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Apache Spark Tutorial

IntroductionIn this section we will get a detailed understanding on RDDs, as they are one of the most important features of Spark. A very clear understanding on this topic is essential to create a good Spark application. We will also understand how RDDs overcome the demerits of MapReduce processes.Resilient Distributed DatasetsAs we have already seen, RDDs are immutable, partitioned, distributed datasets used by Spark for data processing. They are also fault tolerant and can be recreated at any stage of processing if any failure occurs in-network or cluster nodes. They can be created either by parallelizing an existing collection in the driver program, by reading a dataset from external storage like HDFS, HBase, Cassandra, databases, etc, or by transforming an existing RDD in memory and being processed by the Spark engine. Spark makes use of RDDs to achieve the same or similar processing results as MapReduce but at a much faster speed usually of the order by 10 to 100x. Let us see Data Sharing is Slow in MapReduceMapReduce has established itself as one of the best technologies to process and generate huge datasets parallelly using distributed algorithms in distributed environments. It helps users and developers to do parallel computations using high-level APIs and the users do not have to get involved and take care of the intricacies of work distribution, concurrency issues and making the processing systems fault-tolerant. When we need to reuse data between different computation stages say in MapReduce processing, the only way to do this is to write the output of the first stage to physical storage e.g. HDFS. Though the MapReduce framework gives users many abstractions to use cluster’s compute power, we as developers are a never satisfied lot and still want more out of it. Both the iterative and interactive applications need data sharing to be very fast across parallel jobs. But the data sharing is not that fast in MapReduce due to disk IO, serialization, deserialization, and replication involved in writing to stable storage for intermediate results. It is found that Hadoop applications spend almost 90% of their time in reading and writing to storage systems.Iterative Operations on MapReduceIterative operations mean reusing the intermediate results from one or more steps across other multiple stages within the application. We will see in the below diagram, how MapReduce works in iterative applications and how the overheads due to replications, IO and serialization, and deserialization affects the performance of the whole application.Interactive Operations on MapReduceIn interactive operations, the user runs an ad-hoc query on the same subset of data and each time the query will go to the disk and perform IO to fetch the data and return back to the user. This increases the interactive query time for the user and hampers the user experience. We will see below how this works in MapReduce.Data Sharing using Spark RDDWe saw why the data sharing between intermediate steps for iterative applications and also for interactive applications is slow in MapReduce. The reason was due to disk IO, serialization and replication issues in MapReduce which are inbuilt features and core to the functioning of Hadoop MapReduce. To overcome this slowness Spark was developed which works on the concept of Resilient Distributed Datasets which essentially are in-memory objects but are partitioned and distributed on a cluster and also fault-tolerant. So the intermediate stage outputs do not require to be written to stable storage and can be accessed from memory avoiding the biggest bottleneck of the MapReduce systems. This in-memory sharing makes Spark 10 to 100 times faster than MapReduce. Let us now see how iterative and interactive operations take place in Spark’s Resilient Distributed Datasets. Iterative Operations on Spark RDDThe below diagram shows how Spark’s RDD work in iterative applications. The intermediate results are written to memory instead of the stable disk storage and the subsequent steps can read the same memory RDD objects. Only when the memory(RAM) is insufficient to store the whole RDD, the results are spilled to the disk. But overall the whole system is way faster than the MapReduce application due to this optimization.Interactive Operations on Spark RDDThe diagram below shows how interactive systems can benefit from Spark RDD processing. If there are different queries to be run on the same set or subset of data, this data can be kept in memory for faster response time. By default, each transformed RDD may be recomputed with every call on the action, but even this can be optimized by using Spark’s caching mechanism which can cache the computed RDD in a distributed manner across different machines on the cluster.ConclusionIn this section we understood how RDDs make Apache Spark a fast, fault tolerant and distributed processing engine.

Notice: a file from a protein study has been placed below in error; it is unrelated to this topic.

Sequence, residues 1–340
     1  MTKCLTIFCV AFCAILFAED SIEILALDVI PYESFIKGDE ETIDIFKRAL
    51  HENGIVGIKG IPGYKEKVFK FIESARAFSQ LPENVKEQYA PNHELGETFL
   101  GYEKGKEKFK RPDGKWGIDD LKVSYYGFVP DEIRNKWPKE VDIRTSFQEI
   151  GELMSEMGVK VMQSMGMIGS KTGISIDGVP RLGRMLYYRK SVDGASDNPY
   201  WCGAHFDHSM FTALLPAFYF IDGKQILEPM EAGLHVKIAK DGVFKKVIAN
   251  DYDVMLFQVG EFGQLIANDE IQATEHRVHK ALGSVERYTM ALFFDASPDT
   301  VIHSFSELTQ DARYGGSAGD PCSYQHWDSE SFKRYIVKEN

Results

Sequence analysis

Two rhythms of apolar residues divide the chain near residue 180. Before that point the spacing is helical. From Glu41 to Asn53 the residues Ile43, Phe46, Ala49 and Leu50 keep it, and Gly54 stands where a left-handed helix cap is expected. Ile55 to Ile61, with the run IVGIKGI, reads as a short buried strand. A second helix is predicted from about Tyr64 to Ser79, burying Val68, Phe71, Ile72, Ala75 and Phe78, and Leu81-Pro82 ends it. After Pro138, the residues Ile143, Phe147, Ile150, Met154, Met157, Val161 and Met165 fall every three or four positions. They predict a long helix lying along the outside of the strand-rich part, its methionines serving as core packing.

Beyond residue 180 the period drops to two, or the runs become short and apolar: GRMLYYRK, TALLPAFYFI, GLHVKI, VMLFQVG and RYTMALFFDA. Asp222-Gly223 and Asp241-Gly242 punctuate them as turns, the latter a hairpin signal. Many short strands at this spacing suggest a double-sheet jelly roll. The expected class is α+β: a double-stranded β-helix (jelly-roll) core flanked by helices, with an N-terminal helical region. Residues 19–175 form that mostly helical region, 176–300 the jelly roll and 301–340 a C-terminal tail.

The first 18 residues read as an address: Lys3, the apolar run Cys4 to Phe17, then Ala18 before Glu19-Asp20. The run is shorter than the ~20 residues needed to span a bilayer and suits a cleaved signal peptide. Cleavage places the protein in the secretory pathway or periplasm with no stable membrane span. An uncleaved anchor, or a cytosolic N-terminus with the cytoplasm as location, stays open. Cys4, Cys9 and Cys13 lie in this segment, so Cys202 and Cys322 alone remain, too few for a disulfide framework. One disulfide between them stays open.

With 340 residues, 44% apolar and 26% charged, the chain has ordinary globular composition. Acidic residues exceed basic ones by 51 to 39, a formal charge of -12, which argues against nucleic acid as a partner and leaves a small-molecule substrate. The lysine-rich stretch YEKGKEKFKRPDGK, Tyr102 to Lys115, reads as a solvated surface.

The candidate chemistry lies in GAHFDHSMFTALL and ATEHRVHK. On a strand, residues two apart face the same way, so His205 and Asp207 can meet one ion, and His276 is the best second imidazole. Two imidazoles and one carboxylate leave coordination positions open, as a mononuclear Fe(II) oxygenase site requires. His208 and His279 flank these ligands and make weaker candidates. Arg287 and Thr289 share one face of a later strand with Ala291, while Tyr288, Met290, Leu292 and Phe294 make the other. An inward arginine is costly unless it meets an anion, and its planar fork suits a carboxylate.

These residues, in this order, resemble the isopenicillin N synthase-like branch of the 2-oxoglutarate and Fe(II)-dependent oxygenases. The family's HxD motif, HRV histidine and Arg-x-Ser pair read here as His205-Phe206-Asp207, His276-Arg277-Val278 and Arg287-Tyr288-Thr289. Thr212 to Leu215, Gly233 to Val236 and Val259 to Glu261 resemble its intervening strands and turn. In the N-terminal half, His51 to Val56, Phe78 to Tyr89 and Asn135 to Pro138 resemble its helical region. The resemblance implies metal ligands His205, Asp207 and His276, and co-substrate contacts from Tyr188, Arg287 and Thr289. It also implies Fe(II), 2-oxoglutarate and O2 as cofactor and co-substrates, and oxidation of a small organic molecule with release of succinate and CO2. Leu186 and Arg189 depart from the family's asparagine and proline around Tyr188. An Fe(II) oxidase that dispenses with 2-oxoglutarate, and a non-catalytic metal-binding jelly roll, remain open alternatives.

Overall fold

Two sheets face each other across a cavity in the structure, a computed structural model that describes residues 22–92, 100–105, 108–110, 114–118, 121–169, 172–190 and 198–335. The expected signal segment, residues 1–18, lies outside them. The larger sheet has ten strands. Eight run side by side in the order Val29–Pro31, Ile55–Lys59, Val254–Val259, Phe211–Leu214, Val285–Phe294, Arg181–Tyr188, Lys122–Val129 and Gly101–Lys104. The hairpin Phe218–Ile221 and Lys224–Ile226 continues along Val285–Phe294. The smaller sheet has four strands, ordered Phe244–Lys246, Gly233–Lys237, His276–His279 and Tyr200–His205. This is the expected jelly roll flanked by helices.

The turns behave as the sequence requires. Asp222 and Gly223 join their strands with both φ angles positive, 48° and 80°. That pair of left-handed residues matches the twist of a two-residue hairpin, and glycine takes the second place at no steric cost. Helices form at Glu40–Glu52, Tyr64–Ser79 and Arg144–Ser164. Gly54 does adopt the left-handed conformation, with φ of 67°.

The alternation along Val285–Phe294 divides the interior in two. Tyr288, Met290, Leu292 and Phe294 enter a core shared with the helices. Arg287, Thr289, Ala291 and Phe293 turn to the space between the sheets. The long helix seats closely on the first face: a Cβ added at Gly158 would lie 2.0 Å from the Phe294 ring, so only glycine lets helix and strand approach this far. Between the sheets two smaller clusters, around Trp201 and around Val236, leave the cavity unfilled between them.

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Apache Spark Tutorial

Resilient Distributed Datasets

Introduction